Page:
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Responses of Caddisfly Larvae (Brachycentrus spp.) to Temperature, Food Availability and Current Velocity

George W. Gallepp
The American Midland Naturalist
Vol. 98, No. 1 (Jul., 1977), pp. 59-84
DOI: 10.2307/2424715
Stable URL: http://www.jstor.org/stable/2424715
Page Count: 26
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Since scans are not currently available to screen readers, please contact JSTOR User Support for access. We'll provide a PDF copy for your screen reader.
Responses of Caddisfly Larvae (Brachycentrus spp.) to Temperature, Food Availability and Current Velocity
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Abstract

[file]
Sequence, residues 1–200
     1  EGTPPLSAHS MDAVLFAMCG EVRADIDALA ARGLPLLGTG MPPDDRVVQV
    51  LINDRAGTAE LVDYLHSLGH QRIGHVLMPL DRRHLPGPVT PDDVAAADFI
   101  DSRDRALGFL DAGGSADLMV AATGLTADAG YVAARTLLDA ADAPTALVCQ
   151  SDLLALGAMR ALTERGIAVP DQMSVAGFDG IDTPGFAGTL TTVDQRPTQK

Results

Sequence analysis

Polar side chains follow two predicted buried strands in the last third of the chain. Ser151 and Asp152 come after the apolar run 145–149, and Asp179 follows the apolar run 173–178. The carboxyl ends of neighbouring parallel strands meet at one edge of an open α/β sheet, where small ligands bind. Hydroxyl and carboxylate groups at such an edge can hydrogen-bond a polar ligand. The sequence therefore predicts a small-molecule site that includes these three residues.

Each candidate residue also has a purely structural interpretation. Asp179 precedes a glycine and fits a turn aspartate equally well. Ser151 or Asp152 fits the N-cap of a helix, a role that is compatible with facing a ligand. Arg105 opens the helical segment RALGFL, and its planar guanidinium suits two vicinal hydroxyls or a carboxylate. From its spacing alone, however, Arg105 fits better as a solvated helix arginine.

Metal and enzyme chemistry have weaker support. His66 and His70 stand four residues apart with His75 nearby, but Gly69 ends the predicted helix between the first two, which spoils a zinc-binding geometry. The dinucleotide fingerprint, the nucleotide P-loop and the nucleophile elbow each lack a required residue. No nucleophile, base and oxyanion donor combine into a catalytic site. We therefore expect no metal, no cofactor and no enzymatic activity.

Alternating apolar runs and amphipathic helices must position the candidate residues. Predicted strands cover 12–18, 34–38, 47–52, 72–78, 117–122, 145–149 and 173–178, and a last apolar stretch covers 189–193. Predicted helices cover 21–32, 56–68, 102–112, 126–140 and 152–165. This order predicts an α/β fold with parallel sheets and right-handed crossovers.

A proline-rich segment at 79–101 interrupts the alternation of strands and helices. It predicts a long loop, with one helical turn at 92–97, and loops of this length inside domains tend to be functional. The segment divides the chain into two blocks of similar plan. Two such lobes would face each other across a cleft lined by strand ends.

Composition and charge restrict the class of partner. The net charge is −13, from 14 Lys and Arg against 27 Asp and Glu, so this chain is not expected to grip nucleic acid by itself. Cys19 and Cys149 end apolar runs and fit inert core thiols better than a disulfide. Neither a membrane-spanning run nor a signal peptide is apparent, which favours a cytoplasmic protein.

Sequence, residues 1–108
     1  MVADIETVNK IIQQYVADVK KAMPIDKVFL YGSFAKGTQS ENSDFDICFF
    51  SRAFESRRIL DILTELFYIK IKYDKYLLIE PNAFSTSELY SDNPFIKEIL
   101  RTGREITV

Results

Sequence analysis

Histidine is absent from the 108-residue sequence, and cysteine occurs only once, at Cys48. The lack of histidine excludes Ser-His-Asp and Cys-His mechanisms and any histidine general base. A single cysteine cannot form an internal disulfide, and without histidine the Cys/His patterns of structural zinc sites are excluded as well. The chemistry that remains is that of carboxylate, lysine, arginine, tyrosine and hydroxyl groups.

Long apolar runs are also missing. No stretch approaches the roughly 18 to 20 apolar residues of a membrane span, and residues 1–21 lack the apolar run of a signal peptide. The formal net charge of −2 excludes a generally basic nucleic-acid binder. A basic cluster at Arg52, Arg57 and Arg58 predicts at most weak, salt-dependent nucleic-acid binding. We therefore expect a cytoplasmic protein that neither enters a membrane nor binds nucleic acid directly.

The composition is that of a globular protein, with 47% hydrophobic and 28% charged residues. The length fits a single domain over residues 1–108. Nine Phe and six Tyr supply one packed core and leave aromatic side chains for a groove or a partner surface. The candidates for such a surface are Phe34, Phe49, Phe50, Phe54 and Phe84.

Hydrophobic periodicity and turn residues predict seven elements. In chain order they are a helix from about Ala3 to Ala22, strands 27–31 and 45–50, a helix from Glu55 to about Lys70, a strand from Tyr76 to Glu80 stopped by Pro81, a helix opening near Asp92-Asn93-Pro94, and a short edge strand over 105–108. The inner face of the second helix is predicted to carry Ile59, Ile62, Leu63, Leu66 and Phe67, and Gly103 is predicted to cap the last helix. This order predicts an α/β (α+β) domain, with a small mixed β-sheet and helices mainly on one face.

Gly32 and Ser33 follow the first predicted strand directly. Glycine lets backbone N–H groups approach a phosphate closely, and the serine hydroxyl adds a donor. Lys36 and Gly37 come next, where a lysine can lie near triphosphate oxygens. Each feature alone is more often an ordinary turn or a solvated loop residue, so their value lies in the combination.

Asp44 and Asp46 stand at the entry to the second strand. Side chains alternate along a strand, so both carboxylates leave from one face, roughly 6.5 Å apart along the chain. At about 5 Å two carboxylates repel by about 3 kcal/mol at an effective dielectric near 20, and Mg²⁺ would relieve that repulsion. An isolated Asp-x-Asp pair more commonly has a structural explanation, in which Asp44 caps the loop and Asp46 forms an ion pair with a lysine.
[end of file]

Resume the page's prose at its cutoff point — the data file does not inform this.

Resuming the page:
Larvae of the stream caddisflies, Brachycentrus americanus and Brachycentrus occidentalis, were studied in eight simulated stream channels to determine their behavioral responses to temperature, food availability (brine shrimp) and current velocity. For both species, filtering, withdrawn and case-building were the primary behavior patterns of larvae that had attached their cases to the substrate. Most larvae not attached to the substrate were crawling or holding. As temperatures increased above 8 C, B. occidentalis larvae filtered more frequently; but above 20 C the percentage of larvae filtering steadily decreased and the percentage withdrawn increased dramatically with increasing temperature. Percentages of larvae case-building and unattached generally decreased over the range of 4 to 27 C. Despite this decrease in case-building, B. occidentalis larvae generally grew faster as temperature increased from 4-16 C. Behavior of B. americanus as a function of temperature was similar to behavior of B. occidentalis. Both species responded to decreased ration by increasing the percentage of time filtering. Although many larvae were unattached and probably grazing in Lawrence Creek, few larvae were unattached in the laboratory, even at the lowest ration (1.2% of the bodv weight per day). Growth and case-building activity of B. americanus larvae were directly related to ration. Over the range of current velocities of 7-26 cm/sec, behavior of B. occidentalis changed little. At 5 cm/sec fewer larvae filtered and more were unattached; this suggested a threshold response to current velocity. Increasing temperatures from 10-20 C caused the percentage withdrawn at low velocities to increase; however, this trend was hardly noticeable at velocities above 10 cm/sec. In these tests. Brachycentrus were more responsive to temperature and food availability than to current velocity. The interaction of temperature, food availability and current velocity largely controls the bioenergetic state of larvae and thus the behavior and ecology of Brachycentrus.

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